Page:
coat


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Related to coat: coast, buffy coat, jacket, shirt, sweater, CAOT

coat

 [kōt]
1. a membrane or other structure covering or lining a part or organ; in anatomic nomenclature called tunica.
2. the layer or layers of protective protein surrounding the nucleic acid in a virus. See also capsid.
buffy coat the thin yellowish layer of leukocytes overlying the packed erythrocytes in centrifuged blood.

coat

(kōt),
1. The outer covering or envelope of an organ or part.
2. One of the layers of membranous or other tissues forming the wall of a canal or hollow organ.

coat

(kōt)
1. tunica; a membrane or other tissue covering or lining an organ or part.
2. the layer(s) of protective protein surrounding the nucleic acid in a virus.

buffy coat  the thin yellowish layer of leukocytes overlying the packed erythrocytes in centrifuged blood.

coat

(kōt)
n.
A natural outer covering, such as the fur of an animal or the enveloping layer of an organ.

coat′ed adj.

coat

Etymology: ME, cote
1 a membrane that covers the outside of an organ or part.
2 one of the layers of a wall of an organ or part, especially a canal or a vessel.

coat

(kōt)
1. The outer covering or envelope of an organ or part.
2. One of the layers of membranous or other tissues forming the wall of a canal or hollow organ.
See: tunic

coat

(kōt)
1. The outer covering or envelope of an organ or part.
2. One of the layers of membranous or other tissues forming the wall of a canal.

coat

1. haircoat—the overall coating of hair on all our species of domestic animals.
2. a membrane or other tissue covering or lining an organ; in anatomic nomenclature called also tunica.

bristle coat
(1) in dogs, a short, stiff wire-haired coat.
broken coat
(1) in dogs, a harsh, wiry outer layer with a softer undercoat.
brush coat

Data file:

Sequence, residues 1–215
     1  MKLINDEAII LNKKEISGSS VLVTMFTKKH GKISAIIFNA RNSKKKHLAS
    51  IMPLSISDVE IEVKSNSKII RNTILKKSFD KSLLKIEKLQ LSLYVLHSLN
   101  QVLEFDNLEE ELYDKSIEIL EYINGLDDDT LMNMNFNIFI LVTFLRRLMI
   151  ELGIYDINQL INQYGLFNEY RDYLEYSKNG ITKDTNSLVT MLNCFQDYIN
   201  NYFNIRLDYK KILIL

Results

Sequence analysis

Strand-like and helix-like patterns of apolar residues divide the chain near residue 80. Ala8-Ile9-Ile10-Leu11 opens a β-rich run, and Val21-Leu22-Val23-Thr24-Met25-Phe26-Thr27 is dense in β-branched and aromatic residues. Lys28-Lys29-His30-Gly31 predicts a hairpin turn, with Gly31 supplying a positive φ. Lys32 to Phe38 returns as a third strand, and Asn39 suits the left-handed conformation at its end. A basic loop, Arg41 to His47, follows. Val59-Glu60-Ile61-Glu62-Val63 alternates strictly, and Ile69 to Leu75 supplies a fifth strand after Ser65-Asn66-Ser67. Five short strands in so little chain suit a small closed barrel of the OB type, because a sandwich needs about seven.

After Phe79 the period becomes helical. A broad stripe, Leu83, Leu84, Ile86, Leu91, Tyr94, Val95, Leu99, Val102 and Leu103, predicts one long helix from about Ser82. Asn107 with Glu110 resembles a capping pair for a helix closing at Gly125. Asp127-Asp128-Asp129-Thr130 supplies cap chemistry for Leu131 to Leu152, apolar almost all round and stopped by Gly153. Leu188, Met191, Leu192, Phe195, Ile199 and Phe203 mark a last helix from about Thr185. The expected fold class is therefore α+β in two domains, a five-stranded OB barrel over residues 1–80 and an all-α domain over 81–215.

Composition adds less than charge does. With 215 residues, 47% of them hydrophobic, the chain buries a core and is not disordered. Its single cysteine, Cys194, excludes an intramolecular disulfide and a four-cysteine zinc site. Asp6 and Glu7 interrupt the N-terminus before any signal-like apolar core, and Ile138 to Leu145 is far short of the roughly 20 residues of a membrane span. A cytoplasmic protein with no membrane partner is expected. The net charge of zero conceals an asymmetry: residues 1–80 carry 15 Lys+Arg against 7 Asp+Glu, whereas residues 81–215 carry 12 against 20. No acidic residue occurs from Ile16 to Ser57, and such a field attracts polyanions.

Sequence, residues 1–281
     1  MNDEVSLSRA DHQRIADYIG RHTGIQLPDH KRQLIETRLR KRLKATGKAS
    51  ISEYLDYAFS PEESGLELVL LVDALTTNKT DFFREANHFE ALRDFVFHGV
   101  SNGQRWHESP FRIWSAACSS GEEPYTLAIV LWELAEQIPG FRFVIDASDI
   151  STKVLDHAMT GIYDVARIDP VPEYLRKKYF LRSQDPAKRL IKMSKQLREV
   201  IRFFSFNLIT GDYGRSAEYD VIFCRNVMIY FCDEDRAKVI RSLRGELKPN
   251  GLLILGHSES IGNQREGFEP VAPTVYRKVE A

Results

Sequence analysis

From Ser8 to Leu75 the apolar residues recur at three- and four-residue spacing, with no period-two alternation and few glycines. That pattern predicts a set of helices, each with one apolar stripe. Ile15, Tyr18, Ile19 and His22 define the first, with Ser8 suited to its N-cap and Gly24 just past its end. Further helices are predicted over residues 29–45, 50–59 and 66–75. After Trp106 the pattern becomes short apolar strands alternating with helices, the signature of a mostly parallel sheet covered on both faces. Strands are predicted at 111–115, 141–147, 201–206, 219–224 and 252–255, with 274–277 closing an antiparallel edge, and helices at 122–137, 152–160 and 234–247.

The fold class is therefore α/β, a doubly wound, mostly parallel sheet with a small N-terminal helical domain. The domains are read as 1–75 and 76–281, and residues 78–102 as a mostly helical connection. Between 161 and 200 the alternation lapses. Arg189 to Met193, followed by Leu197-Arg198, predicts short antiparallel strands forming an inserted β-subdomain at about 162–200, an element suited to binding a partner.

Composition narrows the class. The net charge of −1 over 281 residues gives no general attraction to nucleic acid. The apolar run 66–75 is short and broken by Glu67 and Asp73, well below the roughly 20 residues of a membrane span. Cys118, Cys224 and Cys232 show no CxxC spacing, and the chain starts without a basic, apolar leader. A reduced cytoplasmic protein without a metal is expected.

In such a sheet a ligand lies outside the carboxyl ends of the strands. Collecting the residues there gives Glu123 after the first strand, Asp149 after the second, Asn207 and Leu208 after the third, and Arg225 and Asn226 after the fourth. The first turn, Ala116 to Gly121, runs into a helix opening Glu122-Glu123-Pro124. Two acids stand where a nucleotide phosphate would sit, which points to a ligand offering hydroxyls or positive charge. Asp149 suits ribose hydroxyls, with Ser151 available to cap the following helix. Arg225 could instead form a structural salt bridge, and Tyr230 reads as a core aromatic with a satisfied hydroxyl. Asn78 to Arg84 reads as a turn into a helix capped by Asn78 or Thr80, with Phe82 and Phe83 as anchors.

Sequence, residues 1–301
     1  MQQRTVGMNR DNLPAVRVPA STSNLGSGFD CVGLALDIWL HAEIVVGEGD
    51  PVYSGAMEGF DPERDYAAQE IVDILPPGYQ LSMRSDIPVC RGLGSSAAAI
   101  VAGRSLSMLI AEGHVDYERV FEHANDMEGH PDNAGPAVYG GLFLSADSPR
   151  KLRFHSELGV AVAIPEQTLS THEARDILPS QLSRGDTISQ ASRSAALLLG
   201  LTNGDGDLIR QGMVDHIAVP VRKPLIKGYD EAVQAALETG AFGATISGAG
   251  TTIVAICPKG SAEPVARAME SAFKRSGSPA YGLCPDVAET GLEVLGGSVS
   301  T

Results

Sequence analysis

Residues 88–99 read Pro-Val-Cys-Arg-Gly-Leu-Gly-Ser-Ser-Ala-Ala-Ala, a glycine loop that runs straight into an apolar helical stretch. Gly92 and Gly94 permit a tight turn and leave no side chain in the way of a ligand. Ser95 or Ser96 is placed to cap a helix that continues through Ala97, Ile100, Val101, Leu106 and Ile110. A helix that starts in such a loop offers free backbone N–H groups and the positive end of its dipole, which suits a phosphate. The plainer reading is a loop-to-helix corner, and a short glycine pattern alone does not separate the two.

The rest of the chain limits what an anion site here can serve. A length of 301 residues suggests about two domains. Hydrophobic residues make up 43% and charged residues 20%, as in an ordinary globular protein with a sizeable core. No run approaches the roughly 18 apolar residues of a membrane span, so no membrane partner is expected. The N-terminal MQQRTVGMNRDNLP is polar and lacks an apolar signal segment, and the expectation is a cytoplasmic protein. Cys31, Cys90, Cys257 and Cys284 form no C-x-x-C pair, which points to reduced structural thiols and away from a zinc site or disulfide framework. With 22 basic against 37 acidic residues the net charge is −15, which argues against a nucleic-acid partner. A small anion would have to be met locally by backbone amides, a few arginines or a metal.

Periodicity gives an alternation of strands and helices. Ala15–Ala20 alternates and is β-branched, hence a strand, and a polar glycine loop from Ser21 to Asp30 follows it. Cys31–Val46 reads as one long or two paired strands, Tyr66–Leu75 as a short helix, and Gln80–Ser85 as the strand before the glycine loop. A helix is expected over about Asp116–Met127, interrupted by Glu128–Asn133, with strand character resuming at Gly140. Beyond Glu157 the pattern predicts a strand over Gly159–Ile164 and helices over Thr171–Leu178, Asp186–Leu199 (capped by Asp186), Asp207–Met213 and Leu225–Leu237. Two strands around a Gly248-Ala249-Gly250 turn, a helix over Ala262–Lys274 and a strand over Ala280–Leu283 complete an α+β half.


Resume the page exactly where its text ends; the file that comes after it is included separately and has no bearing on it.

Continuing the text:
(1) a short, straight stiff coat.
corded coat
(1) in dogs, a coat that forms ringlets or dreadlocks. Seen in Komondors and Pulis.
coat licking (1)
excessive self-grooming in farm animals, commonly a manifestation of nutritional deficiency, e.g. salt deficiency.
References in classic literature ?
Well," I says, "Jim's right, anyway, when he says he ain't got no coat of arms, because he hain't.
WHEN Peter got home, his mother forgave him, because she was so glad to see that he had found his shoes and coat.
The snow drifted under my great-coat, under my coat, under my cravat, and melted there.
There, too, was the bridegroom, dressed in a fine purple coat and gold- lace waistcoat, with as much other finery as the Puritan laws and customs would allow him to put on.
You dragged at my brown coat so that it is all torn and full of holes, you clumsy creatures
His hand was under the coat for but a moment, yet those quick, deft fingers had felt of each coin, and found and discarded the fatal piece.
Nikita called out, well knowing how carefully Mukhorty threw out his hind leg just to touch his greasy sheepskin coat but not to strike him--a trick Nikita much appreciated.
Several had their coats off and their shirt sleeves rolled up.
The prince hath other things to think upon," quoth Sir William de Pakington; "but if you be a Mackworth you must be a Mackworth of Normanton, and indeed I see now that your coat is sable and ermine.
Passing a cornfield the other day, close by a hat and coat on a stake, I recognized the owner of the farm.
He seemed to have just scrambled out of a dust-bin in a tam-o'shanter cap and a tattered soldier's coat much too long for him.
Geppetto makes Pinocchio a new pair of feet, and sells his coat to buy him an A-B-C book